Updated: August 10, 2015 12:00:14 am
As we have noted, the fiasco of Atal Bihari Vajpayee’s busride to Lahore for summit talks with Nawaz Sharif, Pakistan’s prime minister then as now, and of the high-sounding but hollow declaration they named after the city, was followed by the Kargil War. Yet, there was no let-up in Vajpayee’s efforts to make peace with Pakistan. To the astonishment of many, not very long after the perfidious war on the Kargil and adjacent heights, the PM invited Pakistan’s then military dictator, General Pervez Musharraf, for a summit meeting in Agra. As was only to be expected, he readily agreed.
The Kargil misadventure was the brainchild as well as the handiwork of Musharraf, when he was Sharif’s handpicked chief of army staff, and he had taken care to secure Sharif’s belated consent for his plan. However, exactly 108 days after losing the Kargil War, Musharraf staged a coup against Sharif during the latter’s botched move to sack the former while he was in mid-air, returning home from Sri Lanka. Thereafter, there was no option but to deal with him.
It is reasonably well known that Vajpayee’s decision to invite Musharraf to Agra was the only major policy initiative he hadn’t discussed with his most trusted confidant and most powerful aide, Principal Secretary Brajesh Mishra, because the PM knew that Mishra’s thinking would be different. Senior cabinet ministers, particularly the deputy PM and then Home Minister L.K. Advani and Foreign Minister Jaswant Singh were in favour of the move.
There is no doubt that the Agra summit was a disaster. For all practical purposes this had become unavoidable after Musharraf’s provocative breakfast meeting with editors and commentators. Even so, intensive negotiations went on mostly between the two leaders, although sometimes full delegations also met. Late in the evening, the two foreign ministers, Jaswant Singh and Abdul Sattar, brought a typed draft agreement on which the two of them had made changes by hand. A long meeting of the Cabinet Committee on Security was not satisfied and wanted a further change. When this seemed possible, arrangements for the signing ceremony started being made. But these had to be halted because, finally, no agreement could be reached. Musharraf decided to leave for Islamabad in a huff. It was soon confirmed that Advani had vetoed the agreement. Incidentally, he was not part of the negotiating delegation. But he was in Agra as a member of the CCS. Tensions between the two countries were now greater than before Musharraf’s arrival.
It must be added that, all the while, cross-border terrorism by the Lashkar-e-Toiba (LeT) and Jaish-e-Mohammed (JeM) — militant organisations fully backed by the Pakistan army and its intelligence agency, the ISI, but described by the Pakistan government as “non-state actors” — had gone on targeting India. As early as January 2001, the LeT had attacked the Red Fort. The notorious Hafiz Saeed, who had “vowed” to “unfurl the green Islamic flag” on India’s great heritage, organised exultations across Pakistan.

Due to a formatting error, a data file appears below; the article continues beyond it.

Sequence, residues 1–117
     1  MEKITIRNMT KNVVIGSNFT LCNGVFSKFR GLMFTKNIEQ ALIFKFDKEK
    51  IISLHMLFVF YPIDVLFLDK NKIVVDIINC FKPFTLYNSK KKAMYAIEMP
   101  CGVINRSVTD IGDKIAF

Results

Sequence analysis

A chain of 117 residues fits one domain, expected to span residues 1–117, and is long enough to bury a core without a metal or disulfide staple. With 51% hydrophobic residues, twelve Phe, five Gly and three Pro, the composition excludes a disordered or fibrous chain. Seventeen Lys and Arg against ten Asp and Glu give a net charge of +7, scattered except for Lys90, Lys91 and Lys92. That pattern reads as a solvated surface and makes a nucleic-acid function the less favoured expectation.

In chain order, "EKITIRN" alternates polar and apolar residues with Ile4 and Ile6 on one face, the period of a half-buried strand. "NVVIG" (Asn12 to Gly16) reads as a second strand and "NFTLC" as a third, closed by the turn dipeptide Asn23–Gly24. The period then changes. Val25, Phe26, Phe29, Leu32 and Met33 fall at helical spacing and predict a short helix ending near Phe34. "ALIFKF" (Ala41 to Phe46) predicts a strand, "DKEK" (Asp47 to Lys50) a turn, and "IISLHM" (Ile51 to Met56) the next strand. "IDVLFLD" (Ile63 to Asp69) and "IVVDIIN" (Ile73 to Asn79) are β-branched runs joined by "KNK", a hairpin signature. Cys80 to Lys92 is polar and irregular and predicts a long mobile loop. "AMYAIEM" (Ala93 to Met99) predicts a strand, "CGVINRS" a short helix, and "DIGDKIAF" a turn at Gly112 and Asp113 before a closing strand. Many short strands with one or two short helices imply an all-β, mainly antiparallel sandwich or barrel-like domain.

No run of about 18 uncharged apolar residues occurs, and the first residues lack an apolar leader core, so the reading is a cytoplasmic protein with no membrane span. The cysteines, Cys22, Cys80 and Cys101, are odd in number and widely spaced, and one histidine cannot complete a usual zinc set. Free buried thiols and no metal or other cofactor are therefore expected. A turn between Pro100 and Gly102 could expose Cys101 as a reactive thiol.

Near the year’s end, on December 13, the JeM attacked our Parliament. Vajpayee’s response was Operation Parakram (valour), which meant a full mobilisation.
It was the second-largest mobilisation in this country, next only to that for the 1971 war for the liberation of Bangladesh.
Since Pakistan too mobilised, the two armies faced each other eyeball-to-eyeball across the International Border (IB) as well as the Line of Control (LoC) in Jammu and Kashmir.
Parakram was on when, in May 2002, at a place called Kaluchak in Kashmir, LeT terrorists massacred the wives and children of servicemen when they were away on the border. However, a clash on the front was avoided. Tensions began to subside partly because of intense foreign, especially American, pressure on both countries and partly because the cost of the fierce confrontation was huge. Before October, it was agreed that the two sides would withdraw their forces to their peacetime locations. India’s need to keep its troops on the LoC until after the elections in Kashmir was also accepted.
As A.S. Dulat has revealed in his latest book, in early 2003, Vajpayee told him that he was about to make his “final attempt” to improve Indo-Pakistan relations. He had, by that time, returned from a visit to China. This time round, there seemed to be some progress. In November 2003, Musharraf declared a ceasefire, partly because Pakistanis wanting to infiltrate into India were having a very hard time in the Neelam Valley.
In January 2004, Vajpayee travelled to Islamabad again. This time, the result was even better. Musharraf gave an assurance in writing that the “territory of Pakistan and the territory under Pakistan’s control would not be allowed to be used against India”. But things change. In India’s May 2004 general elections, the supremely confident Vajpayee-led government lost to what came to be known as the Sonia Gandhi-Manmohan Singh diarchy that was to rule the country for a whole decade.
The writer is a Delhi-based political commentator.
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